2022 ELA Class Profiles

AIA Virginia’s award-winning Emerging Leaders in Architecture (ELA) program was developed in 2009 to jump-start the careers of young professionals. Conceived of and lead by a passionate steering committee of successful architects (now ALL past ELA alumni!), the program was designed to share the things they wished they had learned in architecture school.

Each of the seven day-long sessions focuses on developing essential skills like community engagement, collaboration, firm creation, financial management, advocacy, public service, and much more. The remaining monthly sessions are dedicated to their class project from a region around the commonwealth.

Want to be a member of this elite group of leaders? The application for the 2023 class will be available later this summer. Contact Cathy Guske for information on how to nominate an emerging leader or with any questions about the program.

We asked members of the ELA class of 2022 the same five questions. Here are their inspiring answers.

Shahadah Allah, AIAS

What building evoked a strong reaction from you recently—either positive or negative?
I recently had the opportunity to study abroad in France and I was able to see some really beautiful, thought-provoking architecture. Of course, seeing Notre Dame in its current state was the most impactful. Centuries’ worth of work and craftsmanship brought us one of the most iconic cathedrals and being able to witness the restoration progress was a very cool experience. However, I will say it has left me pondering will it return to its former glory or will there come a time when the building takes on a new life and purpose

Shahadah Allah

What is the last book you read?
The last book I read was Sundiata: An Epic of Old Mali. I remembered skimming through it as an adolescent but decided to pick it back up for some design inspiration. It was a great read, and a reminder to always stay generous with your kindness.

How did you discover your passion for architecture?  
I come from a family of creatives (artists, curators, writers, etc). This coupled with my love for math and science led me to the field of architecture. From an early age, my elders would always mention that I was going to become an architect one day. It started with legos and forts and progressed to room planning and landscaping my backyard with my grandmother. When I got a little older, I ventured into graphic design. Once I began designing I instantly fell in love. The transition from graphic design to architecture was a smooth one. It was challenging and I felt I was able to express my thoughts in my work. After my first rigorous semester, the satisfaction that came with seeing my work on the wall is when I knew I discovered my niche.

What is your favorite thing to do to relax?
Anytime I need to recenter myself and relax, I like to take the day to do all my favorite self care activities. I brew some tea and sit on the patio and listen to the sounds surrounding me. My fur friend, Saturn, tends to join me. It’s always refreshing to see the clouds and stargaze at night.

What advice do you have for aspiring architects?
My advice for aspiring architects is to be open to varying perspectives.I’m always pulling inspiration from the craziest of places because I find it keeps the work fresh and fun. 

Christopher Brown, AIA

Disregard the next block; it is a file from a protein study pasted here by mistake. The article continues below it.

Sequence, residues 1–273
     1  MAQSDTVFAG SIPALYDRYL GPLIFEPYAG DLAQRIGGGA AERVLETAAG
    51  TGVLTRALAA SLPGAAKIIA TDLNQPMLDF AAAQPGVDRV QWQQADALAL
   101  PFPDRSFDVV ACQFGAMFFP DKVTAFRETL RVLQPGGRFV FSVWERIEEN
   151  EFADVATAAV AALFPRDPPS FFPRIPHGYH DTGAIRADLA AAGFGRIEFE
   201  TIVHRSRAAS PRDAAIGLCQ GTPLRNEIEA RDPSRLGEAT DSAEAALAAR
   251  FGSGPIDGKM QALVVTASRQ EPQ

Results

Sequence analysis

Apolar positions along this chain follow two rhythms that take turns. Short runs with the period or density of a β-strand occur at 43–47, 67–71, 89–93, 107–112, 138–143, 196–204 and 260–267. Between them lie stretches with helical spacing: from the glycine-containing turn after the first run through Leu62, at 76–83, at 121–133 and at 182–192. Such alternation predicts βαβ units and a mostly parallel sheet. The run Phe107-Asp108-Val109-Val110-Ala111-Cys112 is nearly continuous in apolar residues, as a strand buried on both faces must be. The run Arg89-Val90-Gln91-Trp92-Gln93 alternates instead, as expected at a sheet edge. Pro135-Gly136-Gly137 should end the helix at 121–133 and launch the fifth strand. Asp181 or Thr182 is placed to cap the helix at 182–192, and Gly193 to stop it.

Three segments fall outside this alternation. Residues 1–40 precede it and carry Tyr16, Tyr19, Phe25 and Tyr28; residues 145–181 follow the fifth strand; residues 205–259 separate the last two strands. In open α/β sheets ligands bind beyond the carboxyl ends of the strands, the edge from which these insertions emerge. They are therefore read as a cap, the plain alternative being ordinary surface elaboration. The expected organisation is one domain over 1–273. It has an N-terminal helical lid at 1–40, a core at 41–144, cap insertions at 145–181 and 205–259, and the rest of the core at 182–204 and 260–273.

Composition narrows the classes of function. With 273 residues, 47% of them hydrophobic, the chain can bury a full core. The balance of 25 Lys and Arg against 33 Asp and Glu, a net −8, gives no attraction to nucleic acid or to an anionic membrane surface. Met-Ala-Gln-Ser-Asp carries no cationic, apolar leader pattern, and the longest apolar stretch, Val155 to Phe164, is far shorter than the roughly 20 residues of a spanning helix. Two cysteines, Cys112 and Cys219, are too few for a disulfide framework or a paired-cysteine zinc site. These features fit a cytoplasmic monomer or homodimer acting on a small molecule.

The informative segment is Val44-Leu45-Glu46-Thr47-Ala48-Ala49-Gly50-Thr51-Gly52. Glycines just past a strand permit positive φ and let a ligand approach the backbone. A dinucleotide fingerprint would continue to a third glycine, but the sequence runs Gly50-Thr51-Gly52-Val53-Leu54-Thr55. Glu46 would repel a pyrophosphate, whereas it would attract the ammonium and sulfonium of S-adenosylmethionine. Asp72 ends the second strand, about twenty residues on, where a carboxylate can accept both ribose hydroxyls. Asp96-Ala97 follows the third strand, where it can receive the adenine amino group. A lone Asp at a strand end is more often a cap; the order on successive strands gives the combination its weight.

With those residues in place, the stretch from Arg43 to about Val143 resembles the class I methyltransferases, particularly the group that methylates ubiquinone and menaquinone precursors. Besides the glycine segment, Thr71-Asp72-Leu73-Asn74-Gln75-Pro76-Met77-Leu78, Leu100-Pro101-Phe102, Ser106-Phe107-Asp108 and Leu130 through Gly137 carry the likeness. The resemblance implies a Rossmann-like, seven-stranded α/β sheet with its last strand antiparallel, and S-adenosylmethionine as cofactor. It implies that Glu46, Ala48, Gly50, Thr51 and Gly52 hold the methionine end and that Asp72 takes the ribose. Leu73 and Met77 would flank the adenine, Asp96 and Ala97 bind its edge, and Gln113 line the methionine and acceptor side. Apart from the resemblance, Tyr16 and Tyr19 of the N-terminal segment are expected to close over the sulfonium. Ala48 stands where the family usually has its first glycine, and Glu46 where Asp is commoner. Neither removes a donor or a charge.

Christopher Brown

What building evoked a strong reaction from you recently—either positive or negative?
Chichen-Itza and the Mayan ruins.  I admittedly don’t know enough about the history or culture of the Maya, but the intentional way in which their world seems to be designed let me feel that something was important beyond my own comprehension.  That feeling resonated with me for quite some time.

What is the last book you read?
A Year of Playing Catch by Ethan D. Bryan

How did you discover your passion for architecture?  
In high school, I loved the structure of technical drawing.  I was attracted to the idea of putting something together on such a grand scale, so I pursued it.  I didn’t yet understand what it was I was drawing, but I knew it was a space I could dream within.  As my education progressed, I became more and more interested in the way the built environment was a reflection of our experience.  My interest had evolved to question why we build and why it matters.  As I pushed myself to satisfy this question I found such a beautiful answer that it shaped my outlook on the human experience and I knew that my place was in architecture. 

What is your favorite thing to do to relax?
Go for a long run, work on my garden/yard, or simply taking a step back and watching my family as they experience the world. 

What advice do you have for aspiring architects?
No matter how public or private a structure may be, its architecture is a representation of culture and values in a specific period of time.  Take the time to discover what matters to you and the people around you, and find that idea in your design.  Be slow to judge, quick to learn, and always open to what your environment is telling you. 

Preethi Chitharanjan, Associate AIA

What building evoked a strong reaction from you recently—either positive or negative?
One of the most evoking architectural masterpieces I have seen is the City Palace in Udaipur, India. This palace is one of the most intuitive and magnificent pieces of architecture I have ever seen in the most recent times. Historic architectural styles have always fascinated me. This palace was built in the 1600s and served as the home of the ruler of the city. The intricate detailing showcases the power of architecture in ancient India.

Preethi Chitharanjan

What is the last book you read?
Harlen Coben’s The Woods.

How did you discover your passion for architecture?